New report from Renewable Energy Association warns rollout of domestic green technologies is being held back by ‘pre-WWII’ electrical standards
Electrical standards for new homes must be urgently upgraded to prepare for a low-carbon future where homes generate and store their own power, the Renewable Energy Association (REA) has warned.
In a new position paper released today, the REA argues the installation of new technologies such as home electric vehicle (EV) charging, solar generation, and battery storage, is being held back by “pre-World War II” electrical standards.
At present most UK housebuilders run a mains cable down a street containing three ‘phases’, but only connect each house to one of the phases. The paper calls for this practice to end entirely, to be replaced with a three-phase supply as standard across all new homes.
It argues this would allow demand from electrical appliances, such as a washing machine or domestic battery, to be split across the three phases giving homes greater power capacity. Three-phase supplies could also pave the way for households to install faster EV chargers or larger solar PV arrays, the REA claims.
“The built environment is a major source of carbon emissions,” said REA chief executive Nina Skorupska in a statement. “If we are serious about delivering on our ambitions to reduce energy bills, meet our carbon targets, and deliver on our Industrial Strategy aims, we should ensure that they have adequate electrical connections. Three phase power supplies in new homes can facilitate a more rapid deployment of renewable heat systems, greater uptake in rooftop solar PV, and greater choice in charging your electric vehicle.”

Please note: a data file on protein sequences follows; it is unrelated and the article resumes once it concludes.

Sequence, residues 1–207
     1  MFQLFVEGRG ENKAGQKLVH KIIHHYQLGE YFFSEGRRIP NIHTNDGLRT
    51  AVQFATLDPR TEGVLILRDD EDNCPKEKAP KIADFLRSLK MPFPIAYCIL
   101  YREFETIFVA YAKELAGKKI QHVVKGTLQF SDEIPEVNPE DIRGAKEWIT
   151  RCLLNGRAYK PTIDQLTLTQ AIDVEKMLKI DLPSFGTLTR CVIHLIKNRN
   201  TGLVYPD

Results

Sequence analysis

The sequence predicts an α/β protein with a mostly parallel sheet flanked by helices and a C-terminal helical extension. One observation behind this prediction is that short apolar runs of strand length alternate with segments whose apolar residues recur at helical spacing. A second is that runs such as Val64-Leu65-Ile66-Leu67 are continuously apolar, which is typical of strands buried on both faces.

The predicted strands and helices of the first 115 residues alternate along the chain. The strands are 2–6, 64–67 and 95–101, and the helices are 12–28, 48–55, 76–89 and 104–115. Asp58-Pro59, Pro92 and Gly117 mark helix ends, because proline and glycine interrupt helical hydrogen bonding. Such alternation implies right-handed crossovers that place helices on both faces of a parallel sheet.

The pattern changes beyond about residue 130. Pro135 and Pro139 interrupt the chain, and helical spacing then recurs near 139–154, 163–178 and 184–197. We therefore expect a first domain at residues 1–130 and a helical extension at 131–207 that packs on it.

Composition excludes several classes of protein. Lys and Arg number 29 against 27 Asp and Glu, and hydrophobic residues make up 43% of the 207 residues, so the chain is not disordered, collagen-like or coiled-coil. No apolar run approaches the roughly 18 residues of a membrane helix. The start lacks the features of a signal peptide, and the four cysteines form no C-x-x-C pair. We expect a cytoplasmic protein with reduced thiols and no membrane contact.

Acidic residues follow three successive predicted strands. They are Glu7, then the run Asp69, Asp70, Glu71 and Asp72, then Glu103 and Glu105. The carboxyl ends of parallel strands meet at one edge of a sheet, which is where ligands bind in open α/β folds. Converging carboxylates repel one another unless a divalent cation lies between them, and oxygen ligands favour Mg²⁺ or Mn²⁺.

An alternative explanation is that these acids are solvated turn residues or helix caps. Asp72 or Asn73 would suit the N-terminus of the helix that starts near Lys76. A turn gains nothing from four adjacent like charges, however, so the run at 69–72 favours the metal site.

Western Power Distribution, which sponsored the report, is currently trialling three-phase installations in some of its new residential developments to assess the costs and benefits of a switch. Installing a three-phase supply is likely to be marginally more expensive, but help future-proof power supply well into the future, the report suggests.
“Additional costs to housebuilders are already low for a three-phase connection compared to a single-phase in new homes,” Skorupska added. “If the government compelled the network operators to fit new homes in this way, the cost would fall even lower.”
In response to the report a BEIS spokesperson said the government is committed to enabling the deployment of smart and low carbon technologies, including electric vehicles and storage. “Our joint-publication with Ofgem, the Smart Systems and Flexibility Plan, part of our modern Industrial Strategy, sets out actions to help ensure that these new technologies can be accommodated by the electricity system in the most effective way,” they added.